[libvirt] "migration_address must not be the address of the local machine:"

Daniel P. Berrange berrange at redhat.com
Wed Nov 25 11:10:26 UTC 2015

On Wed, Nov 25, 2015 at 12:07:00PM +0100, Laszlo Ersek wrote:
> On 11/25/15 12:00, Daniel P. Berrange wrote:
> > On Wed, Nov 25, 2015 at 11:52:21AM +0100, Laszlo Ersek wrote:
> >> I recently upgraded my laptop from RHEL-7.1 to RHEL-7.2.
> >>
> >> I always pay attention to *.rpmnew config files, and I manually diff and
> >> merge them with the ones I have in place.
> >>
> >> I did the same with "/etc/libvirt/qemu.conf" this time.
> >>
> >> Now libvirtd doesn't start for me. Systemd doesn't actually notice the
> >> startup failure (insert bitter joke about systemd being so much better
> >> than startup scripts); it only reports the service inactive/dead (=
> >> unstarted), rather than failed.
> >>
> >> But, the libvirtd log file gives the reason:
> >>
> >>     migration_address must not be the address of the local machine:
> >>
> >>
> >> The error is easy to fix up in the config file, but my question is:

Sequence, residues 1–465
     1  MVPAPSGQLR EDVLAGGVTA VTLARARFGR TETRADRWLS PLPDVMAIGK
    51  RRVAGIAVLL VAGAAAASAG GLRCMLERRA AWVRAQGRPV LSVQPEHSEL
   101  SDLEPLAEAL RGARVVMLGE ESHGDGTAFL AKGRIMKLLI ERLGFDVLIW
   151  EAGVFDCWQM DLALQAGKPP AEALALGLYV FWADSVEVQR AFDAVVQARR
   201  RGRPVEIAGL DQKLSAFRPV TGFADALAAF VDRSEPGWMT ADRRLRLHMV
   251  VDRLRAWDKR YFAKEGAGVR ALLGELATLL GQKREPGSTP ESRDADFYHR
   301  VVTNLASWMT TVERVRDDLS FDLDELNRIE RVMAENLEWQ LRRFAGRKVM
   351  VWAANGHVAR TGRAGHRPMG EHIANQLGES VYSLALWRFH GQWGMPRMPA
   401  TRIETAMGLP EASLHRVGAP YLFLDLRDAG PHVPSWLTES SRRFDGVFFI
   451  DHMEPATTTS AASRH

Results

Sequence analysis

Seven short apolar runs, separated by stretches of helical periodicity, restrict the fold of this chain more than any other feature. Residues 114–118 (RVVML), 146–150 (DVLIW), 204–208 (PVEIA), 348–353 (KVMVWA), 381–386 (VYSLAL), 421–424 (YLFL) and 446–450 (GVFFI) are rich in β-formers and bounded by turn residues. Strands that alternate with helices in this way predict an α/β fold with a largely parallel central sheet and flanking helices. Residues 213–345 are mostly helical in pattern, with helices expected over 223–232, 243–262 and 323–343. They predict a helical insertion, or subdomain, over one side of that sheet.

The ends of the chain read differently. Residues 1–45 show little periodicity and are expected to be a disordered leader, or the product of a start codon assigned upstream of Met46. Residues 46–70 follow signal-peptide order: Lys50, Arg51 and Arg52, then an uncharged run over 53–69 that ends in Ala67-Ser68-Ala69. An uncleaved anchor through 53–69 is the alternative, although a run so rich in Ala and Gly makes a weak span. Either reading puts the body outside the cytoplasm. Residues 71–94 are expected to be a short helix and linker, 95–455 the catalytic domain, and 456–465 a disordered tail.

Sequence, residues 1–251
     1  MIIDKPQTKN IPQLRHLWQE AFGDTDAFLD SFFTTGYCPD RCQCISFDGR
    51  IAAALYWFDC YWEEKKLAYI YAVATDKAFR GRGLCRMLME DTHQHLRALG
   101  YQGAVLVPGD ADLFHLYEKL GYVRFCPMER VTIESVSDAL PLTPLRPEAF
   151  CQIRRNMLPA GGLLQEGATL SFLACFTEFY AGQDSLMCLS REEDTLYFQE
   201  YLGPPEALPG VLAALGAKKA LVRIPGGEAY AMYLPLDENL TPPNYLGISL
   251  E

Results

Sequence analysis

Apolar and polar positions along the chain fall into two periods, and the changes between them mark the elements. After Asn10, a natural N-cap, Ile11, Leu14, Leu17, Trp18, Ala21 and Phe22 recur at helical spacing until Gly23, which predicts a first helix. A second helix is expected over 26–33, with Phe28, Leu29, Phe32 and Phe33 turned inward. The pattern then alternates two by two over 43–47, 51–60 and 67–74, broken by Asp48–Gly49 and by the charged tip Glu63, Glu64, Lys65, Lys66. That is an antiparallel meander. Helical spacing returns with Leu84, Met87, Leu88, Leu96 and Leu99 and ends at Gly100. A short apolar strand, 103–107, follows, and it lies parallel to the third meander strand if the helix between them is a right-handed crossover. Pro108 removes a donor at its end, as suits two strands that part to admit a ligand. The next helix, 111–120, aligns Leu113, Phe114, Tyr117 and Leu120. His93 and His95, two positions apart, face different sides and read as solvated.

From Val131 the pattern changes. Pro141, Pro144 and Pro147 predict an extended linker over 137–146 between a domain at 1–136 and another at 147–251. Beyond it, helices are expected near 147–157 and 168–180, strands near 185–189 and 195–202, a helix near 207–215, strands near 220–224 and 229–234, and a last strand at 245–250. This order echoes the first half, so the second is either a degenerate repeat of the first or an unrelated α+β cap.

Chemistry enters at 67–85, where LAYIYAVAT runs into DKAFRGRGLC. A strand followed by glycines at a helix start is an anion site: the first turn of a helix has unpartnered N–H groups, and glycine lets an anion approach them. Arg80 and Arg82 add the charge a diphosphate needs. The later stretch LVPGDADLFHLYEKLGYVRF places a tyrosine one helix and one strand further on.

> >>
> >> Why must migration_address not be the address of the local machine?
> > 
> > The migration address for incoming migration over TCP needs to be
> > a public facing IP address, otherwise the remote machine won't be
> > able to connect to it. If you configure migration_address on the
> > target machine to be, then obviously no migration client
> > connection will ever succeed, hence we consider as an
> > invalid configuration.
> > 
> >> BTW, my purpose is not in-host migration (perhaps that's indeed
> >> unsupported, I don't know); I just want to lock down the incoming
> >> migration port (and not just with firewall rules).
> > 
> > What's wrong with using firewall rules ? IMHO you are describing
> > exactly the scenario that are intended to deal with.
> I certainly use firewall rules.
> But, I like to disable listeners, especially public listeners, on the
> individual application level too, if I don't have a good use for the
> service.

NB, nothing will ever listen on the migration_address unless you
actually trigger a migration to the host in question. So if you
have authentication required to connect to libvirt you'll be
fine unless the person using libvirt asks to migrate a VM to
that host. An authenticated connection to libvirt should be
considered equivalent to having root access regardless, so from
that POV having migrate_address point to a public IP is not
opening you up to any attack vector that doesn't also exist
when you have it set to So I still think restricting
the address to is not adding you any actual security

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